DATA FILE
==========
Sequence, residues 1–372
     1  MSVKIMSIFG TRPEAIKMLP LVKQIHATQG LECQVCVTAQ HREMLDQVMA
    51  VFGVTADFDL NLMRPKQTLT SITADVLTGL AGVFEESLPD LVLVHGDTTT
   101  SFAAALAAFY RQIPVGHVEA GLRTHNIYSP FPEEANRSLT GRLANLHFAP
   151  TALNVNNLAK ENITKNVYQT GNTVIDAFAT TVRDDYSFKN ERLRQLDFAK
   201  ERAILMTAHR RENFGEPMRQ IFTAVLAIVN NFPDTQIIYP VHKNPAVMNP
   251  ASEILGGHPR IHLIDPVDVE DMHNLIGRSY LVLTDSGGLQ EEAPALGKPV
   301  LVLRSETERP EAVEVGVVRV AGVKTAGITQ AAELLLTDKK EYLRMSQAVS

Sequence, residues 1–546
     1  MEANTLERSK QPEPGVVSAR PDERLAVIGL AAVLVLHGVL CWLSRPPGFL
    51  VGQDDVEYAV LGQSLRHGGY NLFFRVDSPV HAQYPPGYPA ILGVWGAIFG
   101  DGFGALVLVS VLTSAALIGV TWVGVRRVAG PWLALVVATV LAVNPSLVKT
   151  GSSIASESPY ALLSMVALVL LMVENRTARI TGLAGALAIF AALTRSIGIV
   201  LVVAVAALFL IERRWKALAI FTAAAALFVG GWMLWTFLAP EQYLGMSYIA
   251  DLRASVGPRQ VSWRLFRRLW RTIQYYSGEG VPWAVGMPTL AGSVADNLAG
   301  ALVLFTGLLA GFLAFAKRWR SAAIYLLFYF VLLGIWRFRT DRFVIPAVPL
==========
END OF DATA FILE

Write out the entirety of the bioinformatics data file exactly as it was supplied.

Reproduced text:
Sequence, residues 1–372
     1  MSVKIMSIFG TRPEAIKMLP LVKQIHATQG LECQVCVTAQ HREMLDQVMA
    51  VFGVTADFDL NLMRPKQTLT SITADVLTGL AGVFEESLPD LVLVHGDTTT
   101  SFAAALAAFY RQIPVGHVEA GLRTHNIYSP FPEEANRSLT GRLANLHFAP
   151  TALNVNNLAK ENITKNVYQT GNTVIDAFAT TVRDDYSFKN ERLRQLDFAK
   201  ERAILMTAHR RENFGEPMRQ IFTAVLAIVN NFPDTQIIYP VHKNPAVMNP
   251  ASEILGGHPR IHLIDPVDVE DMHNLIGRSY LVLTDSGGLQ EEAPALGKPV
   301  LVLRSETERP EAVEVGVVRV AGVKTAGITQ AAELLLTDKK EYLRMSQAVS

Sequence, residues 1–546
     1  MEANTLERSK QPEPGVVSAR PDERLAVIGL AAVLVLHGVL CWLSRPPGFL
    51  VGQDDVEYAV LGQSLRHGGY NLFFRVDSPV HAQYPPGYPA ILGVWGAIFG
   101  DGFGALVLVS VLTSAALIGV TWVGVRRVAG PWLALVVATV LAVNPSLVKT
   151  GSSIASESPY ALLSMVALVL LMVENRTARI TGLAGALAIF AALTRSIGIV
   201  LVVAVAALFL IERRWKALAI FTAAAALFVG GWMLWTFLAP EQYLGMSYIA
   251  DLRASVGPRQ VSWRLFRRLW RTIQYYSGEG VPWAVGMPTL AGSVADNLAG
   301  ALVLFTGLLA GFLAFAKRWR SAAIYLLFYF VLLGIWRFRT DRFVIPAVPL